Stephanie Pierce and George Lauder teamed with University of Detroit paleontologist, Nizar Ibrahim, to decipher how Spinosaurus aegyptiacus would have used newly found tail vertebrae fossils.
Ibrahim's team discovered Spinosaurus fossils in Morocco in 2014 that included tail vertebrae with meter-long spines that appeared to form a paddle. Ibrahim reached out to Pierce who worked with fish bio-mechanist, Lauder, to create a robotic model of the tail, complete with the top fin that would cover the meter-long bone spines.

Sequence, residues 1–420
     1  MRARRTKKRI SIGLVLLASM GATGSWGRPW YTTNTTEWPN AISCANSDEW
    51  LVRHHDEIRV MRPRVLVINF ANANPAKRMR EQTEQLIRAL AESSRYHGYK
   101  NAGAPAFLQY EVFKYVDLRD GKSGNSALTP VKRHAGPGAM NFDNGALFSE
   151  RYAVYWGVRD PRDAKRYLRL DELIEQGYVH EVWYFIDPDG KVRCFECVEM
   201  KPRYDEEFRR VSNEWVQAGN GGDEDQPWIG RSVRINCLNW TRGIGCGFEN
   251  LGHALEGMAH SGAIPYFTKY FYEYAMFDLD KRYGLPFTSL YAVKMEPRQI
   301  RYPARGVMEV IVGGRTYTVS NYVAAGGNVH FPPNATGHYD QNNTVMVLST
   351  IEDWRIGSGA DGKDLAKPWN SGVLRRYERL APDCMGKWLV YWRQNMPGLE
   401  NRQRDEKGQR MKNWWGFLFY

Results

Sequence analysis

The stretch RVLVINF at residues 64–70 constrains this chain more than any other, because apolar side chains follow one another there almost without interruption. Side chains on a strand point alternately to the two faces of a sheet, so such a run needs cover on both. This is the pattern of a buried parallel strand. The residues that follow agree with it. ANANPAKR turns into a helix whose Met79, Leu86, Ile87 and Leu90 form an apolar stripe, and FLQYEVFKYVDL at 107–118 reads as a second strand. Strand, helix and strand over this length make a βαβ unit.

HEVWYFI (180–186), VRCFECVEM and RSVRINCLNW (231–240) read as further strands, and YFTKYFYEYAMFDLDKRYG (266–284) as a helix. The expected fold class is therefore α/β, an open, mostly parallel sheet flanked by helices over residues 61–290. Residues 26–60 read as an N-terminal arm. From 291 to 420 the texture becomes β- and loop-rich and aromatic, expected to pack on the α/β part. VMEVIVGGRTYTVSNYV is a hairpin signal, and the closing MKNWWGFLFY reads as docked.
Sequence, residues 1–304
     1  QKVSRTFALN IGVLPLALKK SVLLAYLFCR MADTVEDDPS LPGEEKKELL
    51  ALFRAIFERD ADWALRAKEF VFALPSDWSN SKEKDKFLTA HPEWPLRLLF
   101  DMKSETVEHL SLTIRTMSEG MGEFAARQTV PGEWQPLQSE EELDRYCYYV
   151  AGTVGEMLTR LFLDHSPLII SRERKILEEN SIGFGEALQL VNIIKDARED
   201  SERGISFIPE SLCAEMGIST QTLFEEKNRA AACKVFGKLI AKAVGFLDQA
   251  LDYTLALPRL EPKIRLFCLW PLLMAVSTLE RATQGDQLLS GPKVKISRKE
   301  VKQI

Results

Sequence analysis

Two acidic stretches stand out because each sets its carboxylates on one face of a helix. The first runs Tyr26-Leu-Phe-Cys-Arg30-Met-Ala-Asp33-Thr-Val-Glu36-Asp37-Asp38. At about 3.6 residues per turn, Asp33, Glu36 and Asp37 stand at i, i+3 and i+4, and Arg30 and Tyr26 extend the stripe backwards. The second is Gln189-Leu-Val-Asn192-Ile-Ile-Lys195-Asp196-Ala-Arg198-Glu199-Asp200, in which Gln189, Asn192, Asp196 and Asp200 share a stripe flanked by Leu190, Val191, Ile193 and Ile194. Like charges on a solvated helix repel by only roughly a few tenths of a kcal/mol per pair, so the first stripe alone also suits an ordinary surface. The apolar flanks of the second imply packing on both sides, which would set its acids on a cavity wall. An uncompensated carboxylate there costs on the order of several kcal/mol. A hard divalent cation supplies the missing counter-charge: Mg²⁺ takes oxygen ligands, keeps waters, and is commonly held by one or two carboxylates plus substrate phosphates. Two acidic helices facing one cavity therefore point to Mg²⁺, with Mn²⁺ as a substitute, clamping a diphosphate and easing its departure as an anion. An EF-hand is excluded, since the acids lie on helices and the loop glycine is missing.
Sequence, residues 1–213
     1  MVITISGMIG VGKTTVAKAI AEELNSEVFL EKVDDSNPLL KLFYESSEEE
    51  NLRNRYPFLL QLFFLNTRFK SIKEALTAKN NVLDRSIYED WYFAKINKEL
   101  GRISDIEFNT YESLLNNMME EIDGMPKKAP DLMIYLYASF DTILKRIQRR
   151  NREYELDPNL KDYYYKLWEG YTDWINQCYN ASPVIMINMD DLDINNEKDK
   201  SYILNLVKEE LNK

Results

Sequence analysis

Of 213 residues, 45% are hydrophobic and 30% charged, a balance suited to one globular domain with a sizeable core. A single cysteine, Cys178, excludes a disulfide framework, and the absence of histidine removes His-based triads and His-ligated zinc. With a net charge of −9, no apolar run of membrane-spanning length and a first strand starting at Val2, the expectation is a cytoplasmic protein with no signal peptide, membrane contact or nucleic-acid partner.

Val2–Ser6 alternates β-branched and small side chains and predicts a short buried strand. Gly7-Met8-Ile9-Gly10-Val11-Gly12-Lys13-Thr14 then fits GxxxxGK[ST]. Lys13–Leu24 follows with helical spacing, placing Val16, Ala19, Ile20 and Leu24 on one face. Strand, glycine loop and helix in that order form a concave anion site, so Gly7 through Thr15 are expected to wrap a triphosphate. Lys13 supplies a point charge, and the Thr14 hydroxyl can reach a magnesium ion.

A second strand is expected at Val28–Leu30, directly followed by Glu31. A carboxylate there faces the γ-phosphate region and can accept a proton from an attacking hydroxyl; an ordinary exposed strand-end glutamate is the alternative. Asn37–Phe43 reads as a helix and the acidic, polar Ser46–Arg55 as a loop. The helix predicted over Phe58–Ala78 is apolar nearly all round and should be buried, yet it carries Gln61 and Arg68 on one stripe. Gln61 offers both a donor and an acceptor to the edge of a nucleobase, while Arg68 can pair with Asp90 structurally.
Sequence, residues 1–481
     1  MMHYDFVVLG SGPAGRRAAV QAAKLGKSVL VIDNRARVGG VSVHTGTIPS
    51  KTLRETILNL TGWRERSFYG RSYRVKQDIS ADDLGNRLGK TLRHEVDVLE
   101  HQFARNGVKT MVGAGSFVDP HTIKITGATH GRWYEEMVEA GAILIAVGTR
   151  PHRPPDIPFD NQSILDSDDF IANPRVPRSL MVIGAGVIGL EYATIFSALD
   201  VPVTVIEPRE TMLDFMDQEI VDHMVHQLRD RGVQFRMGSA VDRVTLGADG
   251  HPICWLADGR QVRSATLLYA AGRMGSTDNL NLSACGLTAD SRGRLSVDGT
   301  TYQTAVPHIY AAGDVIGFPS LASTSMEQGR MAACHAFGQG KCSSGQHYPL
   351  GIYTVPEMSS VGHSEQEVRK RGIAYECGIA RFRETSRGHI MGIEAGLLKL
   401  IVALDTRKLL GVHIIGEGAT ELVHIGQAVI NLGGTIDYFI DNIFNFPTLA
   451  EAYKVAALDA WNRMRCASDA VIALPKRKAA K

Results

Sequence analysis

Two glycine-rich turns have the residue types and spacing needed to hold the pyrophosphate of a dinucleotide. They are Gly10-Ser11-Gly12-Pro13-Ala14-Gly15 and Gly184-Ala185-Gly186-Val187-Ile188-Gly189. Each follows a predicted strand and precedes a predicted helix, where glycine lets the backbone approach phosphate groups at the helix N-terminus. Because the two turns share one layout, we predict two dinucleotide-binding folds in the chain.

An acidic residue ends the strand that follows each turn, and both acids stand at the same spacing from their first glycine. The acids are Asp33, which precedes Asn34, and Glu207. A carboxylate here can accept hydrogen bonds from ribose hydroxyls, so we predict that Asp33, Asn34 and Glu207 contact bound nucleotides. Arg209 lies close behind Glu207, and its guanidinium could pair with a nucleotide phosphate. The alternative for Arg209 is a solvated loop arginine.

The study, published in Nature, proves the Spinosaurus, one of the largest known carnivorous dinosaurs, was aquatic. Pierce and Lauder's robotic modeling shows a large, flexible tail fin that would have given the giant predator a deadly propulsive thrust in the water, similar to a salamander or crocodile tail. Combined with the dinosaur's center of gravity, the paper lays to rest the argument over whether Spinosaurus was aquatic. "The fin is not conjecture," said Pierce.
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